If the war in Iraq were chiefly a class-based or nationalist war, the violence would run along national, class, or ideological lines. It does not. Many commentators consider the insurgents to be nationalists opposing the U.S. occupation. Yet there is almost no antioccupation violence in Shiite or Kurdish provinces; only in the Sunni Triangle are some Sunni "nationalists" raising arms against U.S. troops, whom they see as defenders of a Shiite- and Kurdish-dominated government. Defense of sect and ethnic group, not resistance to foreign occupation, accounts for most of the anti-American violence. Class and ideology do not matter much either: little of the violence pits poor Shiites or poor Sunnis against their richer brethren, and there is little evidence that theocrats are killing secularists of their own ethnic group. Nor has the type of ideological battle typical of a nationalist war emerged in Iraq. This should come as no surprise: the insurgents are not competing for Shiite hearts and minds; they are fighting for Sunni self-interest, and hardly need a manifesto to rally supporters.
The roundtable discussion appears convinced of Biddle's central thesis -- that Iraq is not Vietnam. But they remain divided on his central prescription. Larry Diamond's reaction to Biddle is representative:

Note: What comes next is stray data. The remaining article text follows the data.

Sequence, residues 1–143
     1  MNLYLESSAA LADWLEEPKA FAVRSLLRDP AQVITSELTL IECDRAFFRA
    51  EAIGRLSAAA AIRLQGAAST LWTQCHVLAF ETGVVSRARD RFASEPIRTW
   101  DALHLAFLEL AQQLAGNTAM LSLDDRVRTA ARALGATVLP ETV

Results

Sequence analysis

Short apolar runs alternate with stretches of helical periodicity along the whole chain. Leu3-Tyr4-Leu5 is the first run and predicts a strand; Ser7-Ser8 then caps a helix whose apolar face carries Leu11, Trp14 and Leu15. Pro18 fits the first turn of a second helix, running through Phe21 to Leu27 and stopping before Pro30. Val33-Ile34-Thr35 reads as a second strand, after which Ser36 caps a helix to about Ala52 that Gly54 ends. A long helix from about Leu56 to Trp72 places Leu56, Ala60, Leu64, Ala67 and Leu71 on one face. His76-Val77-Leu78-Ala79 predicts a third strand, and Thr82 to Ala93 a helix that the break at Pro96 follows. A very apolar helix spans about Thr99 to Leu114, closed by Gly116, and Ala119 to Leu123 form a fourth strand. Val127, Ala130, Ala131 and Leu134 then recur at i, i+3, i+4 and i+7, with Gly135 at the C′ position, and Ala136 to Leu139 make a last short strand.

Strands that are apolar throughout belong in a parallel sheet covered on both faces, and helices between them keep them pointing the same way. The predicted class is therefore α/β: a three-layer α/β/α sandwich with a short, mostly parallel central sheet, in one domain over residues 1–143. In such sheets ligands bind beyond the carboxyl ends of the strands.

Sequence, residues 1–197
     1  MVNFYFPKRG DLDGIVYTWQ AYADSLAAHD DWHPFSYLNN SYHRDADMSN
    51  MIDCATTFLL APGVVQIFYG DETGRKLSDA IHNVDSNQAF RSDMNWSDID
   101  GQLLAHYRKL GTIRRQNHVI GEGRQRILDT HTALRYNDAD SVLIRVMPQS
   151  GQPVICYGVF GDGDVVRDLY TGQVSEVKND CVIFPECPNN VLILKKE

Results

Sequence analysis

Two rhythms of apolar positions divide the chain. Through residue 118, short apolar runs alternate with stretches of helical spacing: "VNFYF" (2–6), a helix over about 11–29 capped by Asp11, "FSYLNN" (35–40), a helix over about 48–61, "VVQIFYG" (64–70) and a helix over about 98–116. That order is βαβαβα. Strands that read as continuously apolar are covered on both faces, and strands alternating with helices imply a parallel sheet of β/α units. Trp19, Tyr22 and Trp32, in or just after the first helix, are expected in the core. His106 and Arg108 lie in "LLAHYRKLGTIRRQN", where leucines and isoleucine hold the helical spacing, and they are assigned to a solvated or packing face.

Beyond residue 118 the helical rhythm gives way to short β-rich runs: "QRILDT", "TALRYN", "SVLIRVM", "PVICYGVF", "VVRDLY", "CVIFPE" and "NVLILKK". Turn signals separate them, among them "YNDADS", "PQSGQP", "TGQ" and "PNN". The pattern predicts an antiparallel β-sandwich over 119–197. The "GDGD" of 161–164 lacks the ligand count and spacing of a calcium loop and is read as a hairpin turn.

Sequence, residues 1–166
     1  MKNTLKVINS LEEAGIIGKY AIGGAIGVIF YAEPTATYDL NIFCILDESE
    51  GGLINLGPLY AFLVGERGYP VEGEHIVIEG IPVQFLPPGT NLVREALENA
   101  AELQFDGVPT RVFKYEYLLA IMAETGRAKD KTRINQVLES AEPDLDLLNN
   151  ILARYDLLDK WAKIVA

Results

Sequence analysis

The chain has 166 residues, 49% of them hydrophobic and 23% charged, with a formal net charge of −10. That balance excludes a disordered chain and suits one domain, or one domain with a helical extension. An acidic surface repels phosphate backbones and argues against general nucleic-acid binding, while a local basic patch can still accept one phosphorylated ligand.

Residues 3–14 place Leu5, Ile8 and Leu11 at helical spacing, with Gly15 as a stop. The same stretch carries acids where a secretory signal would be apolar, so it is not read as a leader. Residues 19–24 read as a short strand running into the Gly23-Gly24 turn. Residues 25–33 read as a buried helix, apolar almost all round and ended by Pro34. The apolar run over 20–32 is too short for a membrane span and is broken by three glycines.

Biddle proposes two bold steps: slowing down the buildup of the Iraqi army and police and threatening to "manipulate the military balance of power among Sunnis, Shiites, and Kurds to coerce them to negotiate." But these steps (particularly the latter) are dangerous and unlikely to work, because they follow from an incomplete analysis of the formidably complex, multidimensional nature of the Iraqi conflict.
My own views are that Biddle is absolutely correct in saying that Iraq is not Vietnam, nor has it ever been. He is largely correct in saying that communal conflict, not some kind of insurgency, is the principal engine of fighting today. But I too believe his analysis is incomplete. He may be overly minimizing the extent to which Iraq is the arena of regional rivalries between Iran and the Sunni Arab nations; between the United States and radical Islamism. Those elements are present in large measure too and they will not be served by the policy prescriptions advanced.
There isn't enough space to discuss the roundtable in detail, which contains too many points to be easily summarized. However Biddle's article and the roundtable go a long way toward moving the debate past the sterile cliches of the 1960s. Nearly every participant in the roundtable was forced by the acceptance of Biddle's assumptions, as well their own, into concluding that some kind of American presence in Iraq was necessary to preserve its national interest. This is true not only because "anarchy" or a "failed state" in Iraq is not in the American interest, but also in proportion to the degree in which the idea that Iraq is a proxy conflict among global interests is accepted.
Most of debate in the roundtable centered around what to do next. "OK. It's not Vietnam. What is the way forward?" And that, despite the article's title is never settled. But at least it is discussed.